“Seeking Asylum,” a master’s art thesis exhibit by J. Leigh Garcia, gives viewers the opportunity to see what it would be like to travel across the U.S.-Mexico border.

The exhibit is dedicated to undocumented immigrants, inspired by six men whom Garcia has been in letter correspondence with. These men are facing deportation, and are at the Stewart Detention center in Lumpkin, Georgia.

The exhibition’s inclusion of the three senses enhances the experience for all. It not only provides a visual sensation, but is also auditory. The auditory recording is indescribable, but it presents a sobering experience, adding to the visual aid’s effect.

The floor was covered with sand so visitors are able to physically feel the surface one would move across if they really were traveling in the desert.

It is unlikely one would not be affected by the installation in some way. The immersive experience that Garcia provides for viewers is shocking and inspiring at the same time.

For instance, a wall shows items frequently found along the border path, which normalizes this trip to viewers, as it includes everyday items anyone could relate to. Additionally, viewers can see the minimal amount of objects travelers are able to carry when making this intense trip.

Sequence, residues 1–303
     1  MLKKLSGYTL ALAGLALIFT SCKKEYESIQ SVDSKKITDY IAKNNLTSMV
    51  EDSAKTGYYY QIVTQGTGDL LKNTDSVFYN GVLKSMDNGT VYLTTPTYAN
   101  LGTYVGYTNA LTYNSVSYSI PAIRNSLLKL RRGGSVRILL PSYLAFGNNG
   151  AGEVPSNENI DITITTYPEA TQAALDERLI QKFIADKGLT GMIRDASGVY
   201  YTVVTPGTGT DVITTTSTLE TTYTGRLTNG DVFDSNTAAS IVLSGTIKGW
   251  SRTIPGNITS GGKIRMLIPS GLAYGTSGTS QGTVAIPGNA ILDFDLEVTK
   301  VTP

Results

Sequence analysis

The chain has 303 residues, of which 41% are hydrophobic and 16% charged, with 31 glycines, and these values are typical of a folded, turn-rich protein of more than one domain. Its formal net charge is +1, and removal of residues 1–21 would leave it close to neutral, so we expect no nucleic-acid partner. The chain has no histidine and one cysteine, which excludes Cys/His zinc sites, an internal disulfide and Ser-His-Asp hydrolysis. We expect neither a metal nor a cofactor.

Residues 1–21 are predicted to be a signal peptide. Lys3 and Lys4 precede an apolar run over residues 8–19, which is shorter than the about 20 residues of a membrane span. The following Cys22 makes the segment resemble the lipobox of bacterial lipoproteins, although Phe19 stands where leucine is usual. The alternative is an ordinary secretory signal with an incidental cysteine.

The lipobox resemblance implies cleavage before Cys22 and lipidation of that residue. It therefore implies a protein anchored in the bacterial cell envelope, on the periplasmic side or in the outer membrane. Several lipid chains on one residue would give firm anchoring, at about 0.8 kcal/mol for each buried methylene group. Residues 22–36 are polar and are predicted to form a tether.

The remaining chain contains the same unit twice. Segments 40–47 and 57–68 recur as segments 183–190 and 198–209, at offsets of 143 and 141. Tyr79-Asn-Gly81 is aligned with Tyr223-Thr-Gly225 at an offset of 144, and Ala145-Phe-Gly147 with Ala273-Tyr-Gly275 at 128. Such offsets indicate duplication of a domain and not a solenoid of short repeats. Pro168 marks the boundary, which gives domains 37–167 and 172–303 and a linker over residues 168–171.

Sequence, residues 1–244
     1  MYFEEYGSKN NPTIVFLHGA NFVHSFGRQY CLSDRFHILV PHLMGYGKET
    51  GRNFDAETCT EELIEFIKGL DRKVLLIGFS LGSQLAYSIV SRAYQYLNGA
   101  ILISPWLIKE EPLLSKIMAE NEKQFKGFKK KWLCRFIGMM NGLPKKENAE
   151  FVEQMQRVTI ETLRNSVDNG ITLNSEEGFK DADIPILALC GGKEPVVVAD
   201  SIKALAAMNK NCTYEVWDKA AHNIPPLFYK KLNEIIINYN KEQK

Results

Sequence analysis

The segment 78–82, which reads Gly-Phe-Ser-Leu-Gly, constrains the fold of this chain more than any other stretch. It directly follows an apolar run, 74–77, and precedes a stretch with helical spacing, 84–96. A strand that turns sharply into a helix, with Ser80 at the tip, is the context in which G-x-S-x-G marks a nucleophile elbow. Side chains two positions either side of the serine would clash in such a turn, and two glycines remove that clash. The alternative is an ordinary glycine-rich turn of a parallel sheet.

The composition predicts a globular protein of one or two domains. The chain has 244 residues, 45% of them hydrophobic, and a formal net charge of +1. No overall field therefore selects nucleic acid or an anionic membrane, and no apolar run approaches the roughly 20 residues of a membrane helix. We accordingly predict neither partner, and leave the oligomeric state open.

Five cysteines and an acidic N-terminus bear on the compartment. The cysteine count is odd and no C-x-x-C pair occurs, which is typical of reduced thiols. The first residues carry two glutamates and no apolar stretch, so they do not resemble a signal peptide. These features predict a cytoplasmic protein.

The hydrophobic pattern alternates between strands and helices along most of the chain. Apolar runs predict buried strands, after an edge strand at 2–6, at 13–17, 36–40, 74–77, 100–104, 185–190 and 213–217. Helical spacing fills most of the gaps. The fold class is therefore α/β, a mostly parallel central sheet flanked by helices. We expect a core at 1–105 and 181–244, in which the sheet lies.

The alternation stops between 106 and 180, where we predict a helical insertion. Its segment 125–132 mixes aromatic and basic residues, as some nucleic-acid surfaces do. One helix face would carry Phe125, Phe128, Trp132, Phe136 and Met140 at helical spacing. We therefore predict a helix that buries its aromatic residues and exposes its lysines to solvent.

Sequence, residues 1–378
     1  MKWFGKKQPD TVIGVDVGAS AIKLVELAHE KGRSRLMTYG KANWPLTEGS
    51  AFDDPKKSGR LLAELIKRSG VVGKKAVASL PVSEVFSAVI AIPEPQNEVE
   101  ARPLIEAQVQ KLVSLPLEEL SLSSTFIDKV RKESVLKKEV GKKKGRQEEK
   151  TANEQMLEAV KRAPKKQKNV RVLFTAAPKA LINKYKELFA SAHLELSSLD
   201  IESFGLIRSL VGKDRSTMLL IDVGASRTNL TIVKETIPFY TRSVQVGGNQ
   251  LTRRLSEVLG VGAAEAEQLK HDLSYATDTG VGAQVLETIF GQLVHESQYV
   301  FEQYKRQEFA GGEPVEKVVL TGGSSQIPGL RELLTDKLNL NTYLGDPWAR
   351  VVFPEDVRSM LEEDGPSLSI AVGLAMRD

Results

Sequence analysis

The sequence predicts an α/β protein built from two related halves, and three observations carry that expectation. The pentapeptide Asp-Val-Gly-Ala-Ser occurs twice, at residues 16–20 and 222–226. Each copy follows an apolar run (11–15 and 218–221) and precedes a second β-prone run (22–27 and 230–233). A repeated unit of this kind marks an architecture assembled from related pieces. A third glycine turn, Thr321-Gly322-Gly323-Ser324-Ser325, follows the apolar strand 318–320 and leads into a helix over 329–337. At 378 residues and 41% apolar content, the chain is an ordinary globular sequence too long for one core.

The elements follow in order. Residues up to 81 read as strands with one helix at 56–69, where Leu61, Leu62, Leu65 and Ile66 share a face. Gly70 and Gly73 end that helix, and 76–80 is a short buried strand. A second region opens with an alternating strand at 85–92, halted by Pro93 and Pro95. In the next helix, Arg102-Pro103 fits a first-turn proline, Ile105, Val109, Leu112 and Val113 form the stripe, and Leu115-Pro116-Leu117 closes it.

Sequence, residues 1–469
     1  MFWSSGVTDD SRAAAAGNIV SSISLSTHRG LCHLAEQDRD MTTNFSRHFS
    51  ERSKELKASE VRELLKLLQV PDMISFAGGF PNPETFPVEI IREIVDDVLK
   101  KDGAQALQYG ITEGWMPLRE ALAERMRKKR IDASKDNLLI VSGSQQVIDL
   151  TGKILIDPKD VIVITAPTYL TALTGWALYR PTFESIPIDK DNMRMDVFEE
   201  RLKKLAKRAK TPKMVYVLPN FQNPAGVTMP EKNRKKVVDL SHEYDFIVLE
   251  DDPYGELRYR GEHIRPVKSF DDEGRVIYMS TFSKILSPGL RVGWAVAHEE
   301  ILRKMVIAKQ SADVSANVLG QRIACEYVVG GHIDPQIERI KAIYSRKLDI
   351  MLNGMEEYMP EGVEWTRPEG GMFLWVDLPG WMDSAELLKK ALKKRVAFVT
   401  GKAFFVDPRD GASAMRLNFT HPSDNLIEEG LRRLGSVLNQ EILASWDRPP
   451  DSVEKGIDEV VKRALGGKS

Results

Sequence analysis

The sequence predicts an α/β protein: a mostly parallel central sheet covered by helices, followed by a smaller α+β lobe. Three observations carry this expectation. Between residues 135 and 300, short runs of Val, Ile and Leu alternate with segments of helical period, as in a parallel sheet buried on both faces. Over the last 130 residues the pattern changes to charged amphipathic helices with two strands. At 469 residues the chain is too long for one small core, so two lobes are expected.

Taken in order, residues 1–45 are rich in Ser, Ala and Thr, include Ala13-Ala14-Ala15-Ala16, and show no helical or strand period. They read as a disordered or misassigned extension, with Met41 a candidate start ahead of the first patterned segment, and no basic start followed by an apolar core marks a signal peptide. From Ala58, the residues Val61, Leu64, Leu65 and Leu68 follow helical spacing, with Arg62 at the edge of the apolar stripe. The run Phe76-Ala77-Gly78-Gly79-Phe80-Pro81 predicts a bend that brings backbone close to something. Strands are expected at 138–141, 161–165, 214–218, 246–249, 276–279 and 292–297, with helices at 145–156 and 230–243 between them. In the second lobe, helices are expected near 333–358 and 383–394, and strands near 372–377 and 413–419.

Morgan Grunow/The Badger Herald

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The interactive quality increases as one travels through the exhibition, as they have to squat to walk through a section in a fence, representing some of the discomfort individuals endure.

Empty water containers are frequently present throughout the Humanities installation, showing the necessity of hydration and the frequent shortage of adequate fluids.

Alongside desert-like plants scattered throughout the room, there is one piece that is quite troubling: a pile of empty plastic water gallons and disposed legs inside a garbage bin. This disturbing piece represents the dangers of making such a journey, and the sad outcome many face.

While the mobilized trail gives viewers a sense of the journey’s reality, the last aspect of the exhibit further proves its legitimacy. As Garcia notes, there is a display of drawings created by the men she talked with in Georgia. Through these drawings, the men were able to tell their personal stories, influencing the artist with original content.

Morgan Grunow/The Badger Herald

Garcia provides attendees with a scenario few will ever have to endure. This exhibit tells the story of the obstacles many people must overcome to attain a better life, though most of the time this better life is inaccessible.